Today at the Electric Drive Transportation Association (EDTA) 2014 conference in Indianapolis, Indiana, I joined industry and government stakeholders who are leading the charge to advance electric vehicle technologies and expand America’s charging infrastructure. EDTA and its partners support the goal of the EV Everywhere Grand Challenge, the Energy Department’s 10-year vision to enable the U.S. to be the first nation in the world to produce plug-in electric vehicles that are as affordable for the average American family as today’s gasoline powered vehicles by 2022.

The event location was particularly fitting, as Indianapolis is the first city in the United States to commit to transitioning their municipal fleet from foreign oil by 2025.  In addition, the city is rolling out the largest all-electric car sharing program in the country. Greg Ballard, the Mayor of Indianapolis, along with Peter Davidson, the Executive Director of the Energy Department’s Loan Programs Office, joined me at for a panel discussion on how government and industry are working together to bring innovative electric vehicle technologies to the marketplace.

During the panel, I was proud to share several Office of Energy Efficiency and Renewable Energy (EERE) successes related to the development and deployment of electric drive vehicles. Here are just a few highlights:

  • Energy Department-supported battery R&D has helped reduce the cost of electric drive vehicle batteries to $325/kWhr, about 50% lower than just four years ago.
  • More than 97,000 plug-in electric vehicles (PEVs) were sold in 2013, nearly doubling 2012 sales.  There are already 16 vehicles from 11 different manufacturers on the market and eight new PEV models will be introduced for model years 2014 and 2015.
  • To encourage the growing demand for PEVs, the Energy Department has supported the installation of approximately 17,000 electric vehicle supply equipment such as Level 2 and DC Fast Chargers.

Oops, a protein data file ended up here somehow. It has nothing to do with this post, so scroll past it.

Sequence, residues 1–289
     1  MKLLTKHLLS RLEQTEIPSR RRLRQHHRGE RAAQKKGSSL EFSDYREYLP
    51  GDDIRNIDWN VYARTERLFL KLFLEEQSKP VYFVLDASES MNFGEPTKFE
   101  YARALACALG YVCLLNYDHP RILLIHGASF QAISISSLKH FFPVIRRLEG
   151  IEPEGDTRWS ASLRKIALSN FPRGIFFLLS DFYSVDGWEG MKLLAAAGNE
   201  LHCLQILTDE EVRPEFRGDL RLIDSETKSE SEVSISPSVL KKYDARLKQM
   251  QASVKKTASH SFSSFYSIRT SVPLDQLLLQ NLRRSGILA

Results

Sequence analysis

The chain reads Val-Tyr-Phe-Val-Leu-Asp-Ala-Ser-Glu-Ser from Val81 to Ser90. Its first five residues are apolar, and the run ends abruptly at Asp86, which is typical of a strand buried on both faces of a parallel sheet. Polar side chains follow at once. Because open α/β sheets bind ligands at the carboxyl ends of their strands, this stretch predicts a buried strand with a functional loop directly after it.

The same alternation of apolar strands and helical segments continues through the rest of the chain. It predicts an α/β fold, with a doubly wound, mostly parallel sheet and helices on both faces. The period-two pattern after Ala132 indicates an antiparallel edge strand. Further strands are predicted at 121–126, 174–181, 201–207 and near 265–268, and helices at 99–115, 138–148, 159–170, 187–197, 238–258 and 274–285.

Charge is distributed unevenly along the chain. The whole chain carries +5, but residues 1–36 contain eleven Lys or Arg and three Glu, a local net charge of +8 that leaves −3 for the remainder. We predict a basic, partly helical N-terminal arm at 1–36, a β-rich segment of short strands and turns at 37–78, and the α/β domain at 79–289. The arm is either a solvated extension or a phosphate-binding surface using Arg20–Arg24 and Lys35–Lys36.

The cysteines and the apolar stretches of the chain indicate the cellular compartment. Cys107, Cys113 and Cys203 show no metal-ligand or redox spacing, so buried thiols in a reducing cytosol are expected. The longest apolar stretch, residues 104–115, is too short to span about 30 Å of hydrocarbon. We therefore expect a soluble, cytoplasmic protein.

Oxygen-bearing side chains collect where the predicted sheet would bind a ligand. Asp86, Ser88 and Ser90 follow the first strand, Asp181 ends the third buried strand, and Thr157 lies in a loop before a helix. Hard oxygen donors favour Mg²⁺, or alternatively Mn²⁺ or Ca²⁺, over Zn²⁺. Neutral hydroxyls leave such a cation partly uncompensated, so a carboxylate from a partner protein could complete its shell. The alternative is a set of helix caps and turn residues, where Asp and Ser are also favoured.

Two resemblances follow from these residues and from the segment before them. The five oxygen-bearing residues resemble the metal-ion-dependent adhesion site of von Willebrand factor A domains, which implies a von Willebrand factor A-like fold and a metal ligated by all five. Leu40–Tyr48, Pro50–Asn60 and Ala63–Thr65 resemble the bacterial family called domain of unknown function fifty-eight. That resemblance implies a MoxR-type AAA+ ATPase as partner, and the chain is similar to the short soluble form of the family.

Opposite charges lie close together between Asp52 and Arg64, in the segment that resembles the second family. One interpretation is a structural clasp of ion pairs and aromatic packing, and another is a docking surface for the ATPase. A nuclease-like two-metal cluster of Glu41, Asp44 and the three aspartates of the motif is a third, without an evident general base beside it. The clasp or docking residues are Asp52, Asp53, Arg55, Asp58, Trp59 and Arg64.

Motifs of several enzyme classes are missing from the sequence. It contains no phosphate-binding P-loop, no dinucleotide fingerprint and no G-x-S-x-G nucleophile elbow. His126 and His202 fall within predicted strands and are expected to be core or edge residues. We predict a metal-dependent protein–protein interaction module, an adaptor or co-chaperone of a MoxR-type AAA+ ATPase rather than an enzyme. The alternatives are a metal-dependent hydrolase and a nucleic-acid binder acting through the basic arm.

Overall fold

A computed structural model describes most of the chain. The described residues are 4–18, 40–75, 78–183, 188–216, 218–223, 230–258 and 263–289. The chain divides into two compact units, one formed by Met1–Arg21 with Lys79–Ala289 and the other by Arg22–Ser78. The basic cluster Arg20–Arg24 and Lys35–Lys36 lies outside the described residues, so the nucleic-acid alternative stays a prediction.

• To help local governments and neighborhoods prepare for increased numbers of PEVs, 16 Clean Cities projects have developed strategies and best practices for PEV community readiness.
  • Clean Cities re-launched the Plug-in Electric Vehicle Community Readiness Scorecard to accommodate more users and released an iPhone app of the Alternative Fueling Station Locator, which helps PEV drivers quickly and easily find a charging station.
  • Energy Department-fuel cell R&D has already reduced the cost of electrolysis by 80% in the last decade and reduced the projected cost of hydrogen from natural gas to roughly $4/kg gasoline gallon equivalent if produced at high volumes.
  • More than 75 employers have joined the EV Everywhere Workplace Charging Challenge and pledged to provide charging access at more than 200 worksites across the country. We’re proud to recognize our first university partner, Georgia Institute of Technology, and our first hospital partner, the University of Maryland Baltimore Washington Medical Center. The remaining new partners include: Advanced Micro Devices; Baxter Healthcare Corporation; Capital One; ChargePoint; City of Atlanta; ClipperCreek; Concurrent Design, Inc.; Alameda County, California; Broward County, Florida; Eaton; EMC Corporation; Envision Solar; FEV, Inc.; Greenlots; Harris Civil Engineers, LLC; NASCAR; Phil Haupt Electric, Inc.; Portland General Electric; SAP; Sierra Nevada Brewing Co.; Southern Company; Sprint; TECO Energy, Territo Electric, Inc.; Utah Paperbox; and World Wildlife Fund. In addition to the new partners, we’re proud to count Clean Fuels Ohio among our 13 ambassador organizations working to promote and support workplace charging in their communities. 

I’m very excited that our collaborative efforts with U.S. employers are growing through the EV Everywhere Workplace Charging Challenge. The Challenge is gaining momentum thanks to the efforts of ambassadors and partners like EDTA and GM.  In fact, GM recently announced that they have installed more than 400 charging stations at their facilities.

At EERE, we will continue investing in the development of technologies that can help Americans save energy and money, move the clean energy economy forward, and protect the environment. By providing educational tools to consumers, preparing communities to adopt PEV technologies and increasing electric vehicle charging accessibility, we can reduce that nation’s dependence on foreign sources of oil, and build the foundation for a clean energy transportation future.

Employers interested in joining the Challenge can visit or email